Masters of Photography: Aperture
This is the small book accompaning an excellent Stieglitz show that my friends and I saw on September 1, 2002 in the National Gallery in Washington. For major shows in all museums, there are often two accompanying books - an incredibly expensive (often aournd $90), comprehensive tome examining all of the artist's works or the entirety of a show, and a small book featuring the best works. Even the small books are often expensive, which is one reason this stood out - only $13 for a hardover! The book is beatuifully designed and printed, and visitors must have realized it, since my friend and I picked up the last two copies available.
To review the book is really to review the show itself. Stieglitz is one of the masters of photography, and a major force in popularizing and legitimizing photography as a serious art form. His career was vast - spanning the 1880s to 1940s. The exhibit and the book divide his career into several themed periods - scenes of daily life and industry, portraits of friends and especially his wife, the artist Georgia O'Keefe, abstracted landscapes and cloudscapes, and cityscapes of New York skyscrapers. The book staggers the themes a little, often juxtaposing a nude of O'Keefe with a cloudscape, for example. Stieglitz's distinctive style can be seen in all the shots. He frames each carefully, and maintained a philosophy throughout his career that photos should be direct and honest, without extensive manipulation from the artist.
One of the highlights of the exhibit was seeing the various papers, combined with a range of techniques, that Stieglitz experimented with and mastered over the years. The rough textures of some of the papers added a lot to the prints, and this texture is reproduced pretty faithfull in the book. Unfortunately, the book is purely black and white and doesn't show the many photos printed on tan or blue tinted paper.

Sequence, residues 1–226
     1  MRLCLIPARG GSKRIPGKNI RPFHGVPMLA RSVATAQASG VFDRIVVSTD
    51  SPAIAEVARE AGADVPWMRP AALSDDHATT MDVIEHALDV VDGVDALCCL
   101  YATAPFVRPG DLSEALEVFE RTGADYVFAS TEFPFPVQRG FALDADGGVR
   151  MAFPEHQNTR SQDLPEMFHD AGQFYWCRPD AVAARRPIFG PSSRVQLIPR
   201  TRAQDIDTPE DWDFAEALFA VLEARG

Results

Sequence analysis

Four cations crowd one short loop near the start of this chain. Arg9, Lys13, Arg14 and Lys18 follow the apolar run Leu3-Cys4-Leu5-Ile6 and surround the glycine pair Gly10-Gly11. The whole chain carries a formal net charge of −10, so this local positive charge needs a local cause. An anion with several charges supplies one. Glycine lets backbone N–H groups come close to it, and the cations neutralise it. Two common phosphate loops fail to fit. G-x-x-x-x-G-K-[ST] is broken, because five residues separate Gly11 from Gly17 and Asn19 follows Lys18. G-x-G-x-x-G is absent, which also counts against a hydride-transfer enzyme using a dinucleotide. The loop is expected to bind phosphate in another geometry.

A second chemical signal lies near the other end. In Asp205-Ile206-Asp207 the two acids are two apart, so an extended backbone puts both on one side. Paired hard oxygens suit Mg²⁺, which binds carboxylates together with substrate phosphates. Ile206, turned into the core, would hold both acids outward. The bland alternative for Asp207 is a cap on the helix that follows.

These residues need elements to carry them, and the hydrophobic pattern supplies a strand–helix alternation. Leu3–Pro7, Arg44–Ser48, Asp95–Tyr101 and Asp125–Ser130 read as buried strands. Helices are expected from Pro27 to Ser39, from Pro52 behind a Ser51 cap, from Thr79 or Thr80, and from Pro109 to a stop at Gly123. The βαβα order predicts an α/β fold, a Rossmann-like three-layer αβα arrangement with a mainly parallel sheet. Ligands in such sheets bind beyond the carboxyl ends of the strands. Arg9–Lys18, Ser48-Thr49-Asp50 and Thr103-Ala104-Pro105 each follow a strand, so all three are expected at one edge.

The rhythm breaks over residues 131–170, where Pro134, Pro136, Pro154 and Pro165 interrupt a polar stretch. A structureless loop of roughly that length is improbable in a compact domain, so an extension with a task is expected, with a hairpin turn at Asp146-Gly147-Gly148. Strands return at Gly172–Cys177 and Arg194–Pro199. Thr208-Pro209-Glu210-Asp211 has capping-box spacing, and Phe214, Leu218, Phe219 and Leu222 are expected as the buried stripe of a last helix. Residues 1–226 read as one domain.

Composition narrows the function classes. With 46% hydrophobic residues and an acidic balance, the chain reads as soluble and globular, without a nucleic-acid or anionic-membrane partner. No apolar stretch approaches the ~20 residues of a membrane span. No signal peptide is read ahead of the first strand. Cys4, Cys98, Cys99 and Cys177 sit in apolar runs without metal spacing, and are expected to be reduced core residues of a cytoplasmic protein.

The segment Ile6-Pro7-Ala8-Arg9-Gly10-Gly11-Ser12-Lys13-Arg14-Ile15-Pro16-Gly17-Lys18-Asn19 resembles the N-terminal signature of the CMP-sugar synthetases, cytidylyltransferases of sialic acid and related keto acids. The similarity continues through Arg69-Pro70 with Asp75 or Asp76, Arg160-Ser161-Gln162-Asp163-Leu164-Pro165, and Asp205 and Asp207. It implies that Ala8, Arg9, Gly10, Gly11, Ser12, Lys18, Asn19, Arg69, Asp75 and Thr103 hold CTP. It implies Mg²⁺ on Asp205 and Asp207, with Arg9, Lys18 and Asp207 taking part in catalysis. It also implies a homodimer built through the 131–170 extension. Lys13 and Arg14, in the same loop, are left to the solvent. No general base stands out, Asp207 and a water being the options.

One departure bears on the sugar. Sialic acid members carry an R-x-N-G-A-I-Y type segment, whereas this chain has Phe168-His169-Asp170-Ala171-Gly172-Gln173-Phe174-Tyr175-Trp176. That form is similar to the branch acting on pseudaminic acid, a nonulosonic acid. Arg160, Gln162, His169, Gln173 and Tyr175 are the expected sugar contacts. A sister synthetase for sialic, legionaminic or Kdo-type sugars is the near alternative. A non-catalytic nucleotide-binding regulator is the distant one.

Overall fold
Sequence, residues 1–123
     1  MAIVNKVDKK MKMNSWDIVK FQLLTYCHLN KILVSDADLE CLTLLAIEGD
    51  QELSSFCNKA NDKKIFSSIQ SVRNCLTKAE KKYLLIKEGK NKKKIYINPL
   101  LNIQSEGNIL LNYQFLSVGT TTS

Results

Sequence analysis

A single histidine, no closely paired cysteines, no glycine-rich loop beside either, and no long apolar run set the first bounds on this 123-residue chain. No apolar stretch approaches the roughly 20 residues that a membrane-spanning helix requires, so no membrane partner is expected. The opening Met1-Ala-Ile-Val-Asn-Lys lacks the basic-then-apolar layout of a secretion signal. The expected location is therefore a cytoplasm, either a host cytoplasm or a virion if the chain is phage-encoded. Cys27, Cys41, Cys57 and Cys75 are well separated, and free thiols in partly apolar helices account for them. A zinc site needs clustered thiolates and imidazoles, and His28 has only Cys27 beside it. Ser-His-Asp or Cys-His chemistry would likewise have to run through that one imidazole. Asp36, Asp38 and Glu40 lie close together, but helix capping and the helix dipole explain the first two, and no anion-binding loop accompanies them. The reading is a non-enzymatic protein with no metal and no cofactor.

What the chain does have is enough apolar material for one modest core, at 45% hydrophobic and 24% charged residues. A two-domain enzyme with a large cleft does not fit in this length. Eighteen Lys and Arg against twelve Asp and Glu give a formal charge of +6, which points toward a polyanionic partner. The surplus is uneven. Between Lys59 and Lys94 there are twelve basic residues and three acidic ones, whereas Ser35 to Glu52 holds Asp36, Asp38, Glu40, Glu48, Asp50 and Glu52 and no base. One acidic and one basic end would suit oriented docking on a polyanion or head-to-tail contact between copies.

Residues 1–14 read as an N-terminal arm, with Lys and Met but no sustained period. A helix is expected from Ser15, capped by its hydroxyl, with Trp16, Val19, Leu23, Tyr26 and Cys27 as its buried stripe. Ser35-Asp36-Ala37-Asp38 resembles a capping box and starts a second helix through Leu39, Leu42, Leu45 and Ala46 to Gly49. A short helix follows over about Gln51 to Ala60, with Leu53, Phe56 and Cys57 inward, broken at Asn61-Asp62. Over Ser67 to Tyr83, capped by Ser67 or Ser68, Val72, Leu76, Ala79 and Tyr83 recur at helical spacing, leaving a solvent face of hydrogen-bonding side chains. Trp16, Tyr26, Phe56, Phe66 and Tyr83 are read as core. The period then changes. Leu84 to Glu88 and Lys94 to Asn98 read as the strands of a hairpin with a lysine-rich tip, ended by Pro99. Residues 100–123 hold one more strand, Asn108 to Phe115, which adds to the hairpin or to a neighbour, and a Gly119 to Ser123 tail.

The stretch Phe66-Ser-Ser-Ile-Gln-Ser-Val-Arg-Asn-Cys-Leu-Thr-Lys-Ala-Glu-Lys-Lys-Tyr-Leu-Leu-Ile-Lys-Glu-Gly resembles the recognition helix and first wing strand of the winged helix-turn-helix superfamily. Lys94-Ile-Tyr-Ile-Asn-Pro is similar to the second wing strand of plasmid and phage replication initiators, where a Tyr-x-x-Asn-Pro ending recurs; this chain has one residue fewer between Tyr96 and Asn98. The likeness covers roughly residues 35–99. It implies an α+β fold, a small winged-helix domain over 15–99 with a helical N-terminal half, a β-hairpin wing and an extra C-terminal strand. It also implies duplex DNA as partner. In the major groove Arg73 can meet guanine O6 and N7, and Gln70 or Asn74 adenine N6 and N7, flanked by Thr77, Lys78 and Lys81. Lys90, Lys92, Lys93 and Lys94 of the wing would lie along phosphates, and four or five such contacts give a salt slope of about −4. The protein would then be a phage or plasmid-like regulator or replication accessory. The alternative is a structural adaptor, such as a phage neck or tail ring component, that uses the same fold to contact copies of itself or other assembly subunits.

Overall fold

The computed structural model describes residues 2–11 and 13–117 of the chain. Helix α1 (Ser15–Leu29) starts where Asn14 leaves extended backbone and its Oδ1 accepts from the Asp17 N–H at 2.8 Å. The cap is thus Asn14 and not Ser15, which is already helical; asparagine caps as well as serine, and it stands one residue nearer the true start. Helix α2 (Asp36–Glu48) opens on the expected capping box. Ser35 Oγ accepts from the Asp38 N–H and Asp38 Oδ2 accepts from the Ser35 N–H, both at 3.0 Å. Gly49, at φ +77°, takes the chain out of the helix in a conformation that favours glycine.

Perhaps my favorite piece here is Sunlight and Shadows,
Paula, from Berlin in 1889. The picture is complex and detailed, showing
a woman in a small room writing on a table while lights stream in through
the window, creating a fascinating pattern of stripes on the table and
wall behind her. There is an incredible amount of detail and pattern,
making the work cry out for extended perusal. Stieglitz dwells on the
character of the woman through her action, the setting, her dress, and
the four small photographs of her within the picture. The work directly
evokes a Vermeer - a window on the left creating stark shadows, a central
female character empowered by her solitude, independence and show of
intelligence through her actions. The only difference is that most Vermeers
showcase their women's gazes, while this woman is preoccupied with her
letter and does not show her face. The other main difference, a lack
of color, is hardly noticeable since the photo, like so much of Stieglitz's
work, has a broad range of light that echoes vivid color. But the other
snapshots of her on the wall do confront the viewer more directly. The
honest and bold look in the eyes of one of them echoes the epic series
of photos of O'Keefe that Stieglitz would focus on decades later.